As this collection indicates, everyone pursues partnerships in education, but few understand their roles and limitations. Given the necessity of combining limited resources, however, such efforts are bound to continue. Mitchell and his colleagues begin their review of expert-based partnerships with those in universities and regional research laboratories. Less well-known partnerships are included based on technology and constructivist learning. A review of resource partnerships for science demonstrates different types of relationships from team to chain relationships.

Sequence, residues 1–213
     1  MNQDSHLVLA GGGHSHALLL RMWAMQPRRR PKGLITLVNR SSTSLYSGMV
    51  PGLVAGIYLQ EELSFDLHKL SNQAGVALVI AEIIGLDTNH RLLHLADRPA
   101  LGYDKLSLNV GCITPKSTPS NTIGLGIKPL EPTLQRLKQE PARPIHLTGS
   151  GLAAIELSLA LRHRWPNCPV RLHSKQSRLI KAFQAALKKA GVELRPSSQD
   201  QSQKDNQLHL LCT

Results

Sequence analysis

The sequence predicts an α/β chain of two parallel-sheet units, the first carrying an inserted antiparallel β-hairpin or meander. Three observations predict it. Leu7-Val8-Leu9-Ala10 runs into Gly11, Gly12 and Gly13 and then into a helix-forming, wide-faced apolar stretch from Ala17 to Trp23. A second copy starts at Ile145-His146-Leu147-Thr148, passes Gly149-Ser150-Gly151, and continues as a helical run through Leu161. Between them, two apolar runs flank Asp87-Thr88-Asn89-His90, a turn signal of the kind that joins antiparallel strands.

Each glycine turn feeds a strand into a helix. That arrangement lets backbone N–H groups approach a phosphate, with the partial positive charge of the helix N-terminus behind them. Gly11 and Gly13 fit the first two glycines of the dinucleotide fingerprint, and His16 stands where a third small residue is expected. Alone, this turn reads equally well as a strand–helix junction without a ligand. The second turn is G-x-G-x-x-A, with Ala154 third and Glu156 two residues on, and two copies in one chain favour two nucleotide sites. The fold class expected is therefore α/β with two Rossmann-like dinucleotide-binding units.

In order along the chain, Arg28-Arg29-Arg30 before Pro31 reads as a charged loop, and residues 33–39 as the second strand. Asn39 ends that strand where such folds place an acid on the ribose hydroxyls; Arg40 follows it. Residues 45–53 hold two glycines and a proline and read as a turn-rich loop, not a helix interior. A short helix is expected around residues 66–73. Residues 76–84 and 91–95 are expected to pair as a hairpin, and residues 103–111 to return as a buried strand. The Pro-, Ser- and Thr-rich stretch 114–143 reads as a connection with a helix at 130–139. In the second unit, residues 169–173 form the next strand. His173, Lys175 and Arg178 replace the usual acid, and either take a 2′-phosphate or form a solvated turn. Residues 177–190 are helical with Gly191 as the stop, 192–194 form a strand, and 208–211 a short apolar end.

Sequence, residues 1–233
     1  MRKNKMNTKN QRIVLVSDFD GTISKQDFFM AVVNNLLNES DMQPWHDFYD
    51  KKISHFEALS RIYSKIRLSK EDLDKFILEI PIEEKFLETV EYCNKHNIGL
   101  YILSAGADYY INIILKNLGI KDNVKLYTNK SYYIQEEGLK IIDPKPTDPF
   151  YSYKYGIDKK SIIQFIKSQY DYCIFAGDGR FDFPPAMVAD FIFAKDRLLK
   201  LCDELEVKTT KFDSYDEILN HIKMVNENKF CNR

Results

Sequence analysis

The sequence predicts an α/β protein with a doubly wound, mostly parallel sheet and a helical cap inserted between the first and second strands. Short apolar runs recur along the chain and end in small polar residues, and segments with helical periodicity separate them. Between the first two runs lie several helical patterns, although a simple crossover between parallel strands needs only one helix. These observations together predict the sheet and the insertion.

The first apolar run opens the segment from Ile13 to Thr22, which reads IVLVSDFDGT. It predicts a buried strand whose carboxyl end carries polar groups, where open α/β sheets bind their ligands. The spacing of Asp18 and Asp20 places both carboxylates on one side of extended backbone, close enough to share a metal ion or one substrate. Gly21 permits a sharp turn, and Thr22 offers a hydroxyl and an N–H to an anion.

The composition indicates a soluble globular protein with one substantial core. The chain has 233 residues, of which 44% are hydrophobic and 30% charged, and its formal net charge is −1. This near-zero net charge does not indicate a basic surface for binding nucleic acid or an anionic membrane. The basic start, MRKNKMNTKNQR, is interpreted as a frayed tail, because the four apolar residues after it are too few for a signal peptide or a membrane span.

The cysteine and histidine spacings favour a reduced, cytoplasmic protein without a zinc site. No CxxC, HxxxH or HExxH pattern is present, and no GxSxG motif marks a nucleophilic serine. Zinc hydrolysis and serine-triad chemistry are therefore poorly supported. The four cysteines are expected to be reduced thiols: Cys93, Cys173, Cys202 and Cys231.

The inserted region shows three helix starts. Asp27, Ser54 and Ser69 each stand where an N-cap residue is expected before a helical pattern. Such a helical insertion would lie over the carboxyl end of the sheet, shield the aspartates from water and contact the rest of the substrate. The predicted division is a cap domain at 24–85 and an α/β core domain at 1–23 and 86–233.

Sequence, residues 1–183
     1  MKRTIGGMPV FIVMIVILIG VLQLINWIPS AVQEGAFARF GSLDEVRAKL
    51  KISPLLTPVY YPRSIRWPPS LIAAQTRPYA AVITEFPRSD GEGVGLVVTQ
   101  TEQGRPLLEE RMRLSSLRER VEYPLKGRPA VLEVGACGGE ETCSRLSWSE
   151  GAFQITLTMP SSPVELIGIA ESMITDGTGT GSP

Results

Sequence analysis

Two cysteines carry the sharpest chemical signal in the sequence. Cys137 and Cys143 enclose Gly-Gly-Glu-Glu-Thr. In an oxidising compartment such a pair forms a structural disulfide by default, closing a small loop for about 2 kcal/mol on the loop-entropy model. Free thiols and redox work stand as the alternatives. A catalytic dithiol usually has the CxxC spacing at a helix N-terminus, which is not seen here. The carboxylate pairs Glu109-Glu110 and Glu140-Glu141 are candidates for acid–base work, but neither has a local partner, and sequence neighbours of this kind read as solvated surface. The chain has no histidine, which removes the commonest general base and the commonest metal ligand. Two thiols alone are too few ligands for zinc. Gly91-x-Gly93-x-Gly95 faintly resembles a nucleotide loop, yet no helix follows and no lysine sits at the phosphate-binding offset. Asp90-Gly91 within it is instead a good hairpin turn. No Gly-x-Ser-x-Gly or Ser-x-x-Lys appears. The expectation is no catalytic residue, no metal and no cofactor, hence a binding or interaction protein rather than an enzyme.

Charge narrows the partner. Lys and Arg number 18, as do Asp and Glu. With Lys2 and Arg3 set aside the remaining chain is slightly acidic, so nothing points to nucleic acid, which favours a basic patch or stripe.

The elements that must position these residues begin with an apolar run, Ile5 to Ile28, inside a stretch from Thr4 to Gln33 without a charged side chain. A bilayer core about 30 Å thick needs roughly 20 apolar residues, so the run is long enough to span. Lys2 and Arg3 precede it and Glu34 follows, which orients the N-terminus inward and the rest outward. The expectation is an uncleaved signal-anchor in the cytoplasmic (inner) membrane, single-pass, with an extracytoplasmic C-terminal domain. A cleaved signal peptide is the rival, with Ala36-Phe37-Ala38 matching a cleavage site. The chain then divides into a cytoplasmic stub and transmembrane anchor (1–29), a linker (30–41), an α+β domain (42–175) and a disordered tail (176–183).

As Mitchell points out, advocacy is a basis for justifying, publicizing, and expanding particular partnerships. Advocacy efforts include virtual schools, environmental and business links, community service by university students, and community support for music. These efforts assume exploration of alternatives occurs at an earlier stage. Less complete efforts to change are the basis of boundary spanning among different organizations. Social services and schools relate immediate safety problems, but not as yet new learning strategies. Computer-based instruction can be useful in overcoming rural and urban differences. The various case studies provided point to the utility and limitations of educational partnerships, making this work of interest to scholars, researchers, and policy makers involved with educational administration and change.